Main residence relief is a well known and potentially valuable relief from capital gains tax (CGT). In general terms, the relief may be available when an individual sells or gives away a dwelling which has been his only or main residence. If the dwelling has been his only or main residence throughout his ownership, or for all but the last three years (or less) of his ownership, full relief will be available, provided other conditions are met.
An individual who owns two or more “residences” may be able (within a time limit) to nominate one of them as his main residence for the purposes of the relief. Even if that nomination is in effect for only a short period and then varied in favour of another residence, the relief may be secured in relation to the last three years of ownership. Short term nominations to secure relief on the last three years of ownership were encouraged by HMRC’s own guidance but, partly because of their use by certain Members of Parliament, have now become notorious as “flipping”.
The main residence relief itself, and the availability of a nomination, both depend on an individual establishing “residence” at the property or properties. What degree and quality of occupation, and what evidence, is necessary to establish residence? This question was considered in four recent cases decided against the taxpayer by the First Tier Tax Tribunal. In each case the periods of ownership and alleged occupation were short.
In Metcalfe v RCC, the flat in question was owned for less than six months. The Tribunal found that Mr Metcalfe’s written and oral evidence fell short of establishing that he had ever resided at the flat. It found the electricity bill improbably small for the winter months and did not accept Mr Metcalfe’s explanation for this. The Tribunal did not accept that Mr Metcalfe had provided evidence to show that his occupation of the flat had any degree of permanence. Indeed, the Tribunal found evidence to the contrary: Mr Metcalfe had not notified his change of address to his bank or the Council, and within a few weeks of acquiring the property had obtained a valuation with a view to selling it.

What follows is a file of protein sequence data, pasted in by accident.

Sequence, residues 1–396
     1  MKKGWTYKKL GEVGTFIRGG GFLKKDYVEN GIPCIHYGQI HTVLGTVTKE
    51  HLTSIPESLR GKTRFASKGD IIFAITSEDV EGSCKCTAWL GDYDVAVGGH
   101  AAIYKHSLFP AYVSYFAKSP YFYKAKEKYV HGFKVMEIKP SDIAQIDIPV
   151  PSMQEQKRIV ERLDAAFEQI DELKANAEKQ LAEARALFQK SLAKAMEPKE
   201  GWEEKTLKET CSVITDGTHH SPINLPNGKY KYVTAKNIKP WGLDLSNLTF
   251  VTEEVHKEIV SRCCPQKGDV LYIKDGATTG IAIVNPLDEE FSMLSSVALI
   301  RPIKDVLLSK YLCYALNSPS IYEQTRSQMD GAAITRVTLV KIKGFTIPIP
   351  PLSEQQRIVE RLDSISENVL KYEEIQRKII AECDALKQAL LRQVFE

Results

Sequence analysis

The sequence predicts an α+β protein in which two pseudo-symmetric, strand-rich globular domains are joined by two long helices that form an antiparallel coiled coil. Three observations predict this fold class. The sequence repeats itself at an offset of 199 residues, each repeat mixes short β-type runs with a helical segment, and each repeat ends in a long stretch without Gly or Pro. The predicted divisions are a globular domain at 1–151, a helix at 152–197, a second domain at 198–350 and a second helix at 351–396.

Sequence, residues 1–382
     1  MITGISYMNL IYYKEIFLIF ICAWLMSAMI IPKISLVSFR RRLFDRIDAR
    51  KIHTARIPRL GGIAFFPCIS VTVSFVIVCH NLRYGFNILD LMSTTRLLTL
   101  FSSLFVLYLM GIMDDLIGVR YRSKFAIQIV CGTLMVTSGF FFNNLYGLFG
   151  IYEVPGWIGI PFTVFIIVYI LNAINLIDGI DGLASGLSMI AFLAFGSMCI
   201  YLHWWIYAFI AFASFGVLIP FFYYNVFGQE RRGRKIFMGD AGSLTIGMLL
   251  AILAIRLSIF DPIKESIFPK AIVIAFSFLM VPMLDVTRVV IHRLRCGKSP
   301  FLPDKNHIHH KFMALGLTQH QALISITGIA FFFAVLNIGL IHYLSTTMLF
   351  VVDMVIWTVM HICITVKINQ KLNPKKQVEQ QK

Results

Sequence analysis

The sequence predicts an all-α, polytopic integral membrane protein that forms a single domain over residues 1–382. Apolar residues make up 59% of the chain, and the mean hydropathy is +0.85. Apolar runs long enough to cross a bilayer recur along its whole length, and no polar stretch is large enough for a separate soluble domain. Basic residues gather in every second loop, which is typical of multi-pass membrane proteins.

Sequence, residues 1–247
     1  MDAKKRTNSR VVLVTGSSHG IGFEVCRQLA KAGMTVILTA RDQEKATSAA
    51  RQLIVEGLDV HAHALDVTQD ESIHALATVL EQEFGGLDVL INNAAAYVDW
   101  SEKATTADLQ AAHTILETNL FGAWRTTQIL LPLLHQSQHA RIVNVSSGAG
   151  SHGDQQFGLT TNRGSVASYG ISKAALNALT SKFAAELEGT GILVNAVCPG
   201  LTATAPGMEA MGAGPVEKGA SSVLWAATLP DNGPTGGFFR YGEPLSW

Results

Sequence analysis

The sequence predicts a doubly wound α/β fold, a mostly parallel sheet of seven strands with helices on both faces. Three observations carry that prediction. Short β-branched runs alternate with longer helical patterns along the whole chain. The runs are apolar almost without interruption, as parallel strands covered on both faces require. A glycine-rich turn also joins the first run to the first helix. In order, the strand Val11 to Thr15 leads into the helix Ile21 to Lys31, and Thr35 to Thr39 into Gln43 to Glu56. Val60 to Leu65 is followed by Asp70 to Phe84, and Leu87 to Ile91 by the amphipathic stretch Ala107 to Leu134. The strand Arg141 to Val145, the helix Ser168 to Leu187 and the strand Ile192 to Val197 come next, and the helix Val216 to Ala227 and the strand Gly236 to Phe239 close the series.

In Favell v HMRC the Tribunal found that Mr Favell had not produced satisfactory documentary evidence (such as bills, bank statements, correspondence etc.) to show that he had occupied a flat, and so had failed to discharge the burden of proof that it had been his only or main residence. Similar conclusions were reached in the case of Springthorpe v RCC, in which Mr Springthorpe contended that a house had been his main residence between November 1999 and July 2000. The Tribunal observed that the electricity bills had been minimal, there had been no cooking facility, and “the gas had been switched off until March 2000 with the result that there was no hot water available for washing”. The Tribunal found that, to the extent that Mr Springthorpe occupied the house, “he did so for the purpose of renovating the property rather than occupying it as his home which he expected to occupy with some degree of continuity”.